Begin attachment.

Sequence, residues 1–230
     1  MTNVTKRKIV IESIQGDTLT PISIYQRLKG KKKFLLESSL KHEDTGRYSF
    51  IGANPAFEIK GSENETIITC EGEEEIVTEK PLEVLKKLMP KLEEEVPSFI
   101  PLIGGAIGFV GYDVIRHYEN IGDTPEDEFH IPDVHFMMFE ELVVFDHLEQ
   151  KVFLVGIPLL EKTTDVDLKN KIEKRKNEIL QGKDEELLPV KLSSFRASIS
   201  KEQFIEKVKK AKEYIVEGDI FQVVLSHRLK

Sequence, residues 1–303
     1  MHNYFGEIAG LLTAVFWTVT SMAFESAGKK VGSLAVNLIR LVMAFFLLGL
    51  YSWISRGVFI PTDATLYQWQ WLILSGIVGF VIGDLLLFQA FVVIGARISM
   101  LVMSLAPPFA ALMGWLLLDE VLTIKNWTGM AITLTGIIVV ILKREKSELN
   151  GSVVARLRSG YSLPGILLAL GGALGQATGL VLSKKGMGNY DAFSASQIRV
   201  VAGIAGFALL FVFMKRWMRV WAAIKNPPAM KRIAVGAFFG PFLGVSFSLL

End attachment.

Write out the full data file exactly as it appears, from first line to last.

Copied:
Sequence, residues 1–230
     1  MTNVTKRKIV IESIQGDTLT PISIYQRLKG KKKFLLESSL KHEDTGRYSF
    51  IGANPAFEIK GSENETIITC EGEEEIVTEK PLEVLKKLMP KLEEEVPSFI
   101  PLIGGAIGFV GYDVIRHYEN IGDTPEDEFH IPDVHFMMFE ELVVFDHLEQ
   151  KVFLVGIPLL EKTTDVDLKN KIEKRKNEIL QGKDEELLPV KLSSFRASIS
   201  KEQFIEKVKK AKEYIVEGDI FQVVLSHRLK

Sequence, residues 1–303
     1  MHNYFGEIAG LLTAVFWTVT SMAFESAGKK VGSLAVNLIR LVMAFFLLGL
    51  YSWISRGVFI PTDATLYQWQ WLILSGIVGF VIGDLLLFQA FVVIGARISM
   101  LVMSLAPPFA ALMGWLLLDE VLTIKNWTGM AITLTGIIVV ILKREKSELN
   151  GSVVARLRSG YSLPGILLAL GGALGQATGL VLSKKGMGNY DAFSASQIRV
   201  VAGIAGFALL FVFMKRWMRV WAAIKNPPAM KRIAVGAFFG PFLGVSFSLL